* Test method for {@link
    	 * edu.ncsu.csc216.cash_register.CurrencyCollection
    	 * #depositCurrencyCollection(edu.ncsu.csc216.cash_register.
    	 * CurrencyCollection)}.
    	 */
    	@Test
    	public void testDepositCurrencyCollection() {
    		//create a CurrencyCollection object to simulate purchasing an item.
    		CurrencyCollection payment = new CurrencyCollection();
    		//Collect 5 dollars and put into new payment object.
    		payment.modifyDenomination(500, 1);
    		//Deposit the payment into the cashDrawer.
    		cashDrawer.depositCurrencyCollection(payment);
    		//Verify the total in the cashDrawer reflects the payment.
    		//Total should equal starting amount + 500.
    		assertEquals(36910, cashDrawer.getBalance());
    	}
     
    	/**
    	 * Simulates a Currency refund by passing a refund amount to the cashDrawer
    	 * object, and ensuring the getBalance() method returns the expected 
    	 * refund amount.
    	 * Test method for {@link edu.ncsu.csc216.cash_register.CurrencyCollection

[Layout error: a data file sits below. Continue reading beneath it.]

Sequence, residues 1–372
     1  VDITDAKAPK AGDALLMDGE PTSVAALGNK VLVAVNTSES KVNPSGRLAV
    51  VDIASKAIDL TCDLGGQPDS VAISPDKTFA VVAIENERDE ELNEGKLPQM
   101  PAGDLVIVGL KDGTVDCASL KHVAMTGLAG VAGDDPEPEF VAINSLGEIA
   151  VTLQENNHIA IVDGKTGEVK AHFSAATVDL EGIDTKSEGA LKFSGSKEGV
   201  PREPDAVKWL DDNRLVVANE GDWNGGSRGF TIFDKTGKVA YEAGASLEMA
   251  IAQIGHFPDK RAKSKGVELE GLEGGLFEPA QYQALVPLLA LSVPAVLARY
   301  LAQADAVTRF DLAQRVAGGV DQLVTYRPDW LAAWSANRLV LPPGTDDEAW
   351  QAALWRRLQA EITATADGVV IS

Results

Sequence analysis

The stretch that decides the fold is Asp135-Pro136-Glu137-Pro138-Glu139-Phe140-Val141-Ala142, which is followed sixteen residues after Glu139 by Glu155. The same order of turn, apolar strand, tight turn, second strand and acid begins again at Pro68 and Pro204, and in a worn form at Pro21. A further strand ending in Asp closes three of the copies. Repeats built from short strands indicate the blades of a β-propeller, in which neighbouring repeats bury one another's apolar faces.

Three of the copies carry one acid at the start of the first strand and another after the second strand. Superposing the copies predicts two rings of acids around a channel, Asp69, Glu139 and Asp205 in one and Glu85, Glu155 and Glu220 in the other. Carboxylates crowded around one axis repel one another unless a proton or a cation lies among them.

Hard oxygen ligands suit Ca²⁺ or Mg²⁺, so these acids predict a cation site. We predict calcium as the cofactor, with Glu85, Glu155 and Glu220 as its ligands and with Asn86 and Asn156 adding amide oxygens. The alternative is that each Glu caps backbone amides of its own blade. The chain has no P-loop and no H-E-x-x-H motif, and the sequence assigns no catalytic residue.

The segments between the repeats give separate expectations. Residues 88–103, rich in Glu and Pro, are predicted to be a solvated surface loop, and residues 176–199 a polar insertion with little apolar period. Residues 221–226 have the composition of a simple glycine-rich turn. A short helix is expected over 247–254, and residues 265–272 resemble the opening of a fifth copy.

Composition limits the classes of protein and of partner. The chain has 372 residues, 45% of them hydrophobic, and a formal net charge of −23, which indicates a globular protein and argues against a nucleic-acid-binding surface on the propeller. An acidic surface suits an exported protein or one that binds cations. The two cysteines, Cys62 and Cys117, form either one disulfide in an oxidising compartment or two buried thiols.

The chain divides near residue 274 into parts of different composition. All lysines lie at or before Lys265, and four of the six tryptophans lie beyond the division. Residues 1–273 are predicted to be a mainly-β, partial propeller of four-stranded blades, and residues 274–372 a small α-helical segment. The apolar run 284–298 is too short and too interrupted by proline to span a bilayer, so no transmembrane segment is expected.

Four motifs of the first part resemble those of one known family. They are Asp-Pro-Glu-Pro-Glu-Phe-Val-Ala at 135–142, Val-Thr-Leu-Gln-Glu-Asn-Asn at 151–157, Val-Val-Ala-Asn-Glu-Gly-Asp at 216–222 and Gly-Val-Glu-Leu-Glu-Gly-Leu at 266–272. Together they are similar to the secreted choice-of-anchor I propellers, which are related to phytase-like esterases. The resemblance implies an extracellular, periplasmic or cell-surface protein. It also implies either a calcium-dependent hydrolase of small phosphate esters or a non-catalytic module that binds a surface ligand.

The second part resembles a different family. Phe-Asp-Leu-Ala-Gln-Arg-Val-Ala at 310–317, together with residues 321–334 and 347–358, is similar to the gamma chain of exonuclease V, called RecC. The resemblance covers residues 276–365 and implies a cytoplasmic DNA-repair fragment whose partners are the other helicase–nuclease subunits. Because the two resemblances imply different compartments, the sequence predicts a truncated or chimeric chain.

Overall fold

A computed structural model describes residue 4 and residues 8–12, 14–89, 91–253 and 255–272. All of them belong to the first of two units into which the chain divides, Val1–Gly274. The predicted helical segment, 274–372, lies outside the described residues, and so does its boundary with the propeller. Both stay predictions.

* #refundByAmount(int)}.
    	 */
    	@Test
    	public void testRefundByAmount() {
    		//Pass a refund amount (amount for a t-shirt).
    		cashDrawer.refundByAmount(1827);
    		//Ensure cash drawer total is reduced by refunded amount.
    		assertEquals(34583, cashDrawer.getBalance());
    	}
     
    	/**
    	 * Creates a new CurrencyCollection array to compare with CurrencyCollection
    	 * in our constructor method.
    	 * Test method for {@link edu.ncsu.csc216.cash_register.CurrencyCollection
    	 * #getCurrencyCollection()}.
    	 */
    	@Test
    	public void testGetCurrencyCollection() {
    		//Create new CurrencyCollection object for this method only.
    		CurrencyCollection collectionTest = new CurrencyCollection(10);
    		//Compare the new CurrencyCollection object with the CurrencyCollection
    		//object defined in the constructor method as arrays.
    		assertArrayEquals(collectionTest.getCurrencyCollection(),
    				cashDrawer.getCurrencyCollection());
    	}
     
    	/**
    	 * Check the total amount in CurrencyCollection object.
    	 * Test method for {@link edu.ncsu.csc216.cash_register.CurrencyCollection
    	 * #getBalance()}.
    	 */
    	@Test
    	public void testGetBalance() {
    		//check initial amount in cashDrawer.
    		assertEquals(36410, cashDrawer.getBalance());
    	}
     
    }

    So the code in the @Before tag (setUp() instruction) must have ensured that I have a fresh cashDrawer object for use with each method, right? That means if I manipulate the object in one of my test methods, it will be "re-initialized" by my setUp() method for use on the next method, right?